Sunday, February 27, 2011

VARIETE - In Style LP (1985)


Side A
Misses no Fushigi
Sugar Yellow
Tarzan & Jane In Paris

Side B
These Melodramatic Things
I Could Have Dance All Night
Francis Grey
One Clear Day
Balconey Serenade

Released: 1985
Label: Edge Records
Catalogue number: ELR-28003
Format: LP

Lenght: 38:17
Bitrate: 320 kbps

"In Style" was Variete's third release, and their first LP. It was preceded by the doinky and vocoder-saturated "Souvenir" EP and its 12" sister release "Location at Hollywood". I procured this mainly on a completist impulse since I had their other two records, but as it turned out, "In Style" came to be the big pop epiphany for me in 2010.

I certainly had my doubts regarding the record - not only due to the incredibly fruity cover art - the fact that NONE (!) of the members from the original line-up remained also sent out a fair share of warning signals. Nevertheless, upon needledropping I couldn't help but to go from sceptical to happily surprised to absolutely blissed out. Totally charmed!

"In Style" is filled to the brim with unbridled euphoria, extasy and energy - skillfully executed and served up with a wondrous blue-eyedness. Even though both composition and performance are excellent through and through, the main focus of course winds up on the androgynous vocals of singer Masumi Arichika. High pitched and with a tendency to severe quaver, they seem to shudder with a sheer joy of performance. Kind of similar to UK group The Associates in a sense ...well, y'know, if The Associates had been high on life and vitamin C instead of copious amounts of cocaine whilst recording.

Back to "In Style". Opening track "Divine" is just what it claims to be. A glorious outburst of rapturous abandon, the song veritably explodes out of the speakers with a flurry of acoustic guitar and fluttering piano flourishes. Thick little bursts of semi-atonal guitar noise provide some necessary spice to the borderline overpowering sweetness of the concoction, and there's some pretty damn great bass playing going on to boot!

"Misses no Fushigi" is a more subdued and straightahead affair, especially considering what preceeded it. Definitely an album track; I tend to view it as a transitional tune - a chance to cool off between more potent stuff. I'd hesitate to call it filler though - the autumnal atmosphere it evokes is a pretty and dreaming one, in particular when the woodwind sets in during the refrain.

Those of you following the Habit of Sex tumblr may have already made the acquaintance with "Sugar Yellow" - without a doubt my favorite track on this whole LP. A perfectly realized pop song to myears, lovingly performed with a childlike sense of wonder. Gets me all fuzzy and warm inside (pretty damn mushy too). "Pure softness and fruity, overripe bliss" as I put it elsewhere.

"Hakucho" betrays the europhiliac roots of the band. All vocals, save for an accompanying piano and some violin, we find ourselves transported to a ball at the Versailles. Or possibly to a student reception in Germany. Weimar Republic era, of course. The A-side finishes off with the hilariously ludicrous romp that is "Tarzan and Jane in Paris". Mmm, Paris! (No Homer)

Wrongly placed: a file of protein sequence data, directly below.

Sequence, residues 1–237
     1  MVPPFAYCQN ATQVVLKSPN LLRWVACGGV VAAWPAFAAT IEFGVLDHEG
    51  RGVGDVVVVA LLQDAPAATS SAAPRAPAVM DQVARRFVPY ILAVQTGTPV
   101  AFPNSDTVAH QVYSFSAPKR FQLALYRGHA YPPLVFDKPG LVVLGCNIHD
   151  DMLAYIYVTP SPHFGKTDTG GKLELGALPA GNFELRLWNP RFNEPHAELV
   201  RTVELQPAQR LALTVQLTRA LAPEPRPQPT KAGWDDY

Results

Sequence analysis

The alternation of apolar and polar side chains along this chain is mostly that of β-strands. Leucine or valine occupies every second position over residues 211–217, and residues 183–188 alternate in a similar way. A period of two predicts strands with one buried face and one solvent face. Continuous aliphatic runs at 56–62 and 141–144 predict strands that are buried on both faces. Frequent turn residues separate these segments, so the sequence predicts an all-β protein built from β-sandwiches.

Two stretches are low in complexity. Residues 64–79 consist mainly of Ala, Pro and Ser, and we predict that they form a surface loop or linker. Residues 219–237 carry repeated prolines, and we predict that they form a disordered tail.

The B-side opens up with "These Melodramatic Things", which first appeared on the "Location at Hollywood" 12". Composition-wise, it's more or less identical to it's previous incarnation but I do think the mix and arrangement is superior on "In Style". Driven by drum machine, laden with french dialogue and glazed with violin, it's a pretty lighthearted tune ...with a sudden burst of the melodrama mentioned in the title a bit more than halfway through.

"I Could Have Dance [sic] All Night" follows and is, as you've probably guessed, a sort of adaption of the (almost) similarly titled (and somewhat more famous) tune from "My Fair Lady". I hesitated to call "Misses no Fushigi" a filler, but this one I'm not so sure about. Ah, I'll let it slide ...if so only because of the gloriously overblown performance. The slight slack is promtply picked up by "Francis Grey" - probably my second favorite track after "Sugar Yellow". Dramatic strings and subdued, almost wimpering vocals color "Francis Grey" a shade darker than it's fellow tracks. At least until reaching the bridge when it explodes into a by now well-known exuberance.

A breeze of nostalic-sounding melancholia comes next, in the form of "One Clear Day". Like on "Hakucho" (although quite different in execution) the arrangement is scaled down to vocals, piano and violin. Sentimental without getting cheesy, it paves the way for the grand finale - "Balconey Serenade". Originally appearing as the closing track on "Souvenir", the version present here is a hyper-charged one and proves to be a suitably rapturous ending of the album.

"In Style" was followed up by a single ("La Dolce Vita") and another LP ("Golden Life") before Variete called it quits. Although I feel that "In Style" is indeed the zenith of the bands output (with their debut coming in a close second), I can wholeheartedly recommend all of the bands output. Casual browsers beware though - the band entered a special kind of realm of cheesiness during the "Golden Life" period reserved for a certain kind of audience whose taste balances between transcendent and non-existing (see image below).

Divshare / Mediafire / 4shared

(from the cover art of "Golden Life")